Can I Use Diesel in A Kerosene Heater?
What do you heat your house with? While many people use natural gas or outdoor propane tanks, some like the variability of space heaters like a kerosene heater.
With the rising prices of gasoline and kerosene, you may be considering using diesel fuel in your kerosene heater. This can potentially save you hundreds, or even thousands of dollars per year.
You can use diesel in a kerosene heater as it’s safe to do so. These two products are closely related to one another. However, diesel burns cooler and quicker than kerosene. Make sure you watch for carbon buildup on the wick as this will happen quicker with diesel than it does with kerosene.
Basic Understanding Of Kerosene Heaters
Also known as a paraffin heater, a kerosene heater is a portable space heating device that is fueled by kerosene. Most of these heaters produce between 11,000 and 23,000 BTUs per hour.
The heater operates like a kerosene lamp with circular cotton or fiberglass wick built into the burner unit above the tank inside the heater.
After the wick is lit in the combustion chamber, it heats the kerosene until it turns into gas, which heats the air through convection or with radiation.
Different Types Of Kerosene Heaters
There are two types of portable kerosene heaters, convective and radiant. The best choice for you depends on where and how you will be using it.
A convective heater is usually round and has a fuel tank below the wick and combustion chamber. The warm air flows up and out in all directions so they are better for larger areas than radiant heaters. In fact, it is possible to heat an entire house with a convective heater.
The problem with these convective heaters is that you have to move the entire heater to refill it because the tank is not removable. It should be done outdoors with a siphon pump. Also, your convective heater should have a fuel gauge.
Radiant heaters are typically rectangular and are made for a smaller area than convective heaters. Like convective heaters, they also use a wick and combustion chamber.
However, there is a reflector that directs the heat at you rather than having the heat flowing up and out like the convective heater.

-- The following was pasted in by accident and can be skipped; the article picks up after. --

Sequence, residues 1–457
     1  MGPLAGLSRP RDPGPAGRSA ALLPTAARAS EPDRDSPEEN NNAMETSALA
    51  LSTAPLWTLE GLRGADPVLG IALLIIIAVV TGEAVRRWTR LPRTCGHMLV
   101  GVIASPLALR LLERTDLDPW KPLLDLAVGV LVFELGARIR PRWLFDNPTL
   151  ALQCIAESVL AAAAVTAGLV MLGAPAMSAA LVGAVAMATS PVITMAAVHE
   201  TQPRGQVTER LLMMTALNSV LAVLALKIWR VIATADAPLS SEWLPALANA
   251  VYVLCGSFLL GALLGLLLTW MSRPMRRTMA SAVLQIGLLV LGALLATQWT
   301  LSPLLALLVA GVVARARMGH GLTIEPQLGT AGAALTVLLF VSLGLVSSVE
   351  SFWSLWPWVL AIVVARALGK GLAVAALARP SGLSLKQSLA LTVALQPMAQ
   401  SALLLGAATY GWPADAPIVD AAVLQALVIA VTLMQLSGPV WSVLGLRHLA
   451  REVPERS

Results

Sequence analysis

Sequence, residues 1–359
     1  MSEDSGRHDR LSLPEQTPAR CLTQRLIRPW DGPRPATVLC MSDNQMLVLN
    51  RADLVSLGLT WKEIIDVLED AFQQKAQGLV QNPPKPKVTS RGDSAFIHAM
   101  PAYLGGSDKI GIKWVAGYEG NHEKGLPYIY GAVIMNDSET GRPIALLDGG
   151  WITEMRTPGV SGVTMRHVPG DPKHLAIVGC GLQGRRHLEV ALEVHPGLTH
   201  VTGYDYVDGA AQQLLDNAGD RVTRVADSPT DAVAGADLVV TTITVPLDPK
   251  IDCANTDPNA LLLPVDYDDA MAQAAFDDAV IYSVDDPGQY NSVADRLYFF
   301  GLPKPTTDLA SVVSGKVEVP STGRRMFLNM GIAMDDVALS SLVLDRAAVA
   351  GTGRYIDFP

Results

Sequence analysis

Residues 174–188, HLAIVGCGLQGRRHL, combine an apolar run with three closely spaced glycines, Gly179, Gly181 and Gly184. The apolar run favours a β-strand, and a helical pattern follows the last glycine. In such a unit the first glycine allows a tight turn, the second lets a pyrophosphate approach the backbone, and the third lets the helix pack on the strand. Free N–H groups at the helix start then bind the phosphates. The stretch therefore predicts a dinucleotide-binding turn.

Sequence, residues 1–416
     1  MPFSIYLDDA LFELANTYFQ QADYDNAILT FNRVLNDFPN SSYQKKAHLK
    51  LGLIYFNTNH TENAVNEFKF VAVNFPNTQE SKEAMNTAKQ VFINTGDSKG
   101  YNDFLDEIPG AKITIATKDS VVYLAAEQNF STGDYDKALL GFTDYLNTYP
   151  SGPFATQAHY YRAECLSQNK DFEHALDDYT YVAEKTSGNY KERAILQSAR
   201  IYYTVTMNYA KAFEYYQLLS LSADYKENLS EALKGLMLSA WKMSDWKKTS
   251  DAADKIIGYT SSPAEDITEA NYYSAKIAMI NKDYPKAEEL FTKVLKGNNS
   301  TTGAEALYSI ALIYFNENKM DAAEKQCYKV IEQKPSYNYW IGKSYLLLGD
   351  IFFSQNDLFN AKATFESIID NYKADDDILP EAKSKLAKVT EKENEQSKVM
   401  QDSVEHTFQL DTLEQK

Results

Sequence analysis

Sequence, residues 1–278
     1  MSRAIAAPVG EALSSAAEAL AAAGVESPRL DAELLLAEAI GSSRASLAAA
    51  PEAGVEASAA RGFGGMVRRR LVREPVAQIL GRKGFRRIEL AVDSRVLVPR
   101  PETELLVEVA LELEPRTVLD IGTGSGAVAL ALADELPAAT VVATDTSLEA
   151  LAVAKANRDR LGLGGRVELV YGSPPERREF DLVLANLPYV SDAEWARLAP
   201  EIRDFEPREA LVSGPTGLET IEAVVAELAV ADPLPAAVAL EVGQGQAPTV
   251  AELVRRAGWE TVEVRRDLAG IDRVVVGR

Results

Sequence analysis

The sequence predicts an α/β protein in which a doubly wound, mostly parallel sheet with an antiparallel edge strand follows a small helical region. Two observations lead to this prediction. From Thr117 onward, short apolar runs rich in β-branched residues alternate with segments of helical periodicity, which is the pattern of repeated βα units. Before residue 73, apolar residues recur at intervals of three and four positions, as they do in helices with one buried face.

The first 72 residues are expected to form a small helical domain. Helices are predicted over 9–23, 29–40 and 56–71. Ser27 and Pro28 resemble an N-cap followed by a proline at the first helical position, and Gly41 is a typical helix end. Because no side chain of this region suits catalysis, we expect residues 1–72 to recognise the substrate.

Most radiant kerosene heaters have removable fuel tanks. That means you can leave the heater where it is while you take the tank to be filled. Just as with the convective heater, it should be filled outside with a siphon pump and it should have a fuel gauge.
What Kind Of Diesel To Use In Your Kerosene Heater
Diesel fuel does not burn very well in its liquid form, so it is constantly diminishing the power of your kerosene heater. It is the particles that evaporate from the diesel fuel that gives off the heat.
Number one diesel is the optimal type of fuel to use instead of kerosene. It is important to add kerosene additive to the diesel, so it burns cleaner. Otherwise, it could possibly cause damage to the wick or heater.
According to ezoil.com, you should add five milliliters of 91% or more isopropyl alcohol to each pint of diesel fuel. If you still have some kerosene and want to mix the two, that is perfectly fine as well. You should also use a 100% cotton high-quality wick.
In addition, diesel fuel additives are more effective and less expensive than kerosene and its additives. It will cost you much less to treat a gallon of diesel fuel with diesel fuel additives than with kerosene.
Using Diesel Properly In Kerosene Heaters
Diesel can be burned in a kerosene heater as long as it is done properly and safely. Gas caches are the greatest way to store your fuel.
Gasoline, kerosene, and diesel must all be stored in color-coded tanks: red for gasoline, blue for kerosene, and yellow for diesel. Choose ULSD (ultra-low sulfur diesel fuel), which may be kept for 6 to 12 months but can survive much longer if combined with additives.
Preparing Your Diesel For Use In A Kerosene Heater
Use a number one diesel for the greatest results. This variety is the most similar to kerosene, making it a good alternative. There are no aromatic components in number one diesel. It has a BTU output of 135,000 per gallon, which is comparable to kerosene. Among the several varieties of diesel, number one diesel burns the cleanest.